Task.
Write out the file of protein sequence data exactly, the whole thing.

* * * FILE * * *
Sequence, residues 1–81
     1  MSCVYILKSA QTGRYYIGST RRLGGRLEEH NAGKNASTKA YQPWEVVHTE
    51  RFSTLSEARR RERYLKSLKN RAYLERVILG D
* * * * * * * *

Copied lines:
Sequence, residues 1–81
     1  MSCVYILKSA QTGRYYIGST RRLGGRLEEH NAGKNASTKA YQPWEVVHTE
    51  RFSTLSEARR RERYLKSLKN RAYLERVILG D